When 3:30 PM - 5:00 PM Feb 06, 2009
Where 1670 CSE
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Clean Energy: The Case for Thermoelectrics and Photovoltaics


Akram Boukai, University of California - Berkeley

If the entire Arabian Peninsula were a swimming pool of oil 1 meter deep, its oil supply would be exhausted in 600 years at the current rate of oil consumption.  In comparison, the world’s largest oil field, in Saudi Arabia, would be completely depleted of oil in only 2 years, if it were the world’s only source of oil.  Clearly an energy economy that depends solely on oil and coal is not sustainable in the long term especially if global warming concerns are to be believed.  Fortunately, the sun can provide all of earth’s energy needs and has a nearly inexhaustible supply of energy that will endure for over 1.5 billion years.  Thermoelectrics and photovoltaics are able to utilize the sun’s energy and do not pollute.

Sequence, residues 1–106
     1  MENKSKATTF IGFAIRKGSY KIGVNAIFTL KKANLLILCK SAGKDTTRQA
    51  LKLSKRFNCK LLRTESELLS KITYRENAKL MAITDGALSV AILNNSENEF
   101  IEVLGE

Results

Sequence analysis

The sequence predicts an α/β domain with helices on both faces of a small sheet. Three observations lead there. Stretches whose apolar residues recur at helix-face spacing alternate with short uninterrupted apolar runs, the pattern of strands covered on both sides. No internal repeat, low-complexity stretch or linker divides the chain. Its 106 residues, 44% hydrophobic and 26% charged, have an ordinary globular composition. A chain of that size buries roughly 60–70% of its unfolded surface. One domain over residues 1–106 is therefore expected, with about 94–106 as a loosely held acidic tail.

Thermoelectrics and photovoltaics utilize temperature differences and photons to provide a constant source of DC power respectively.  Their main drawback is their high cost and low efficiency when compared to oil and coal.  In the first part of my talk, I will discuss recent successes we made in increasing the efficiency of a silicon-based thermoelectric device.  We observed a 100-fold improvement in efficiency using silicon nanowires over bulk.  The improvements originate from phonon effects at the nanoscale.  In the second part of my talk, I will discuss our recent work on low cost photovoltaics.  I will show how improvements in the collection of photogenerated carriers will allow for efficient photovoltaics based on metallurgical-grade silicon.  These devices will have comparable efficiencies to those of high-purity silicon photovoltaics but will be cheap as sand figuratively and literally.